HumanInsight The effects of social isolation stress and discrimination on mental health
Transl Psychiatry. 2022 Sep 21;12(1):398. doi: 10.1038/s41398-022-02178-4.
Social isolation and discrimination are growing public health concerns associated with poor physical and mental health. They are risk factors for increased morbidity and mortality and reduced quality of life. Despite their detrimental effects on health, there is a lack of knowledge regarding translation across the domains of experimental research, clinical studies, and real-life applications. Here, we review and synthesize evidence from basic research in animals and humans to clinical translation and interventions. Animal models indicate that social separation stress, particularly in early life, activates the hypothalamic-pituitary-adrenal axis and interacts with monoaminergic, glutamatergic, and GABAergic neurotransmitter systems, inducing long-lasting reductions in serotonin turnover and alterations in dopamine receptor sensitivity. These findings are of particular importance for human social isolation stress, as effects of social isolation stress on the same neurotransmitter systems have been implicated in addictive, psychotic, and affective disorders. Children may be particularly vulnerable due to lasting effects of social isolation and discrimination stress on the developing brain. The effects of social isolation and loneliness are pronounced in the context of social exclusion due to discrimination and racism, during widespread infectious disease related containment strategies such as quarantine, and in older persons due to sociodemographic changes. This highlights the importance of new strategies for social inclusion and outreach, including gender, culture, and socially sensitive telemedicine and digital interventions for mental health care.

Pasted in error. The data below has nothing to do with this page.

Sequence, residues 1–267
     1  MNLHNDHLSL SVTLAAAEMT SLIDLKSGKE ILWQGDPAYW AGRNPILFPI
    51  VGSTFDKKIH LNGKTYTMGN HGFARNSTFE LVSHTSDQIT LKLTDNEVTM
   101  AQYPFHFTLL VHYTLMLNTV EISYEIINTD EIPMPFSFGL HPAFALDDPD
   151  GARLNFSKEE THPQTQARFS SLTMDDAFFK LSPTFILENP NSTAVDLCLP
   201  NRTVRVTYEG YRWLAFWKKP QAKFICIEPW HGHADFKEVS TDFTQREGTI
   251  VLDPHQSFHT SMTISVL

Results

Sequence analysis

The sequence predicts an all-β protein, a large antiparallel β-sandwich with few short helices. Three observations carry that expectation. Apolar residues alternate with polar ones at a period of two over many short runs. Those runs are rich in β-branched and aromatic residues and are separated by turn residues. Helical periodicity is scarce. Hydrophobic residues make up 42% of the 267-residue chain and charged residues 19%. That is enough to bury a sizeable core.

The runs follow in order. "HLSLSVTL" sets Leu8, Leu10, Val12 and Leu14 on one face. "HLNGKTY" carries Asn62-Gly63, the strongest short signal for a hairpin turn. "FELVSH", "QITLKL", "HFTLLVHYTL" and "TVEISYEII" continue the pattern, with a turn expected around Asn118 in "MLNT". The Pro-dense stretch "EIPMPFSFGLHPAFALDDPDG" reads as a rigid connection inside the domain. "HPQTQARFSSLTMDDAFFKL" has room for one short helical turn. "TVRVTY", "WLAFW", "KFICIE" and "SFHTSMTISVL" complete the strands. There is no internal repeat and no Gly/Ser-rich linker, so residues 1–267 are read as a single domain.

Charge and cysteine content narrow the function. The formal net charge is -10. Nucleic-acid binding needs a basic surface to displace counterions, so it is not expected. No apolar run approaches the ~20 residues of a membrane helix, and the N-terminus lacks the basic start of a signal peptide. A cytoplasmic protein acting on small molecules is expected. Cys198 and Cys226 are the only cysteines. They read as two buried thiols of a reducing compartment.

PMID:36130935 | DOI:10.1038/s41398-022-02178-4
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